It’s a word that energizes some people and drains others. A concept that stirs delight in extroverts and painful stress among introverts.
Nevertheless, humans are social creatures. We are each better when we are part of that word “communities.”
That whole concept was put to the test like few other times in history over the past two years.
The COVID pandemic shut down all-but-absolutely-necessary interaction with other humans. Only businesses deemed “essential” remained open and functioning during the beginning of the historic ordeal. Opportunities to be with others were severely restricted – and the world paid a heavy price as a result.
Symptoms of depression, isolation, frustration, and alienation began plaguing a normally active social network and affecting overall production. The world learned that communities are crucial.
Right away, the Technology & Manufacturing Association began getting urgent emails and phone calls from TMA members with questions pertinent to their businesses.
Questions such as these came into TMA:
- Is my business considered “essential”?
- What kind of COVID transmission protections do I need to provide for my employees and team members?
- How do I find what I need to provide that protection?
- If I continue to work on these important projects, could I be endangering my business?
The urgency of an in-place network that could answer those questions, provide insight into what others were doing, and adapt to online communities became quickly evident to the association.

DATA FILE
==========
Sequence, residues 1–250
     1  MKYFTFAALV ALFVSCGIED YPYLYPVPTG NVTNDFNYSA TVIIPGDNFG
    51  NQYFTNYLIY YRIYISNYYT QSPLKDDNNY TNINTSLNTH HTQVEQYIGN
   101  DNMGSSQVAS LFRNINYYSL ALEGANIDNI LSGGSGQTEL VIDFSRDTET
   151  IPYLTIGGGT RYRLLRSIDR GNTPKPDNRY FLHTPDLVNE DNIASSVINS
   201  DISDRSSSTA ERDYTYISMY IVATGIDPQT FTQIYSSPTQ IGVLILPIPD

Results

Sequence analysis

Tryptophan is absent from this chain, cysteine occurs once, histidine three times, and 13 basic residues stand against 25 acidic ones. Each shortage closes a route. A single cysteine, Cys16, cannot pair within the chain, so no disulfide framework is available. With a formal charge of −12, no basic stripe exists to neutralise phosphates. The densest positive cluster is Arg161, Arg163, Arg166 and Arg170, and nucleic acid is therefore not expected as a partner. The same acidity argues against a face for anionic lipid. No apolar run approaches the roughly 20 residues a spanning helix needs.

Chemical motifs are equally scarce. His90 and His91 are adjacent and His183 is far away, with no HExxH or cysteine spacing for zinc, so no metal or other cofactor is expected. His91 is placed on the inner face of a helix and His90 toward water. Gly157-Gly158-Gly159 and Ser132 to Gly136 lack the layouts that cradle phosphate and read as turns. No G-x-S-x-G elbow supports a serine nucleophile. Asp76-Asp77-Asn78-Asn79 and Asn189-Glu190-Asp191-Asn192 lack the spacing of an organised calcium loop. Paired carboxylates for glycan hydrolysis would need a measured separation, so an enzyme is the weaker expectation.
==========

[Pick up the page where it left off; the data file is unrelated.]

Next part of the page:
And the needed answers emphasized the need for each of TMA’s members to be part of a variety of communities that were well-oiled, functioning, and adaptable.
Until this point of TMA’s nearly 100 years, most Chicago community needs were met with in-person meetings, events, and programs. That was not an option for the short term. So adaptations were made until COVID-19 could be understood and managed – something that took nearly two stressful years to accomplish.
TMA moved its crucial in-person member communities to online platforms for the time being.
Webinars, Zoom calls, emails, newsletters, and other non-contact resources became the primary communication source for TMA members.
Over the pandemic, TMA hosted and now offers on their website (www.tmaillinois.org) nearly 100 recorded webinars on various topics pertinent to manufacturing.
Importance of belonging to a supportive business community
Belonging to a supportive community is suitable for many reasons. There are professional benefits to being part of a TMA community.
Those that participate in TMA communities share their collective knowledge – staying on top of trends, insight into industry challenges and ways to overcome those challenges. Manufacturers have unique experiences and connections with resources that benefit others. Those contacts also often lead to potential business opportunities.
There are also social benefits to being involved in a TMA community.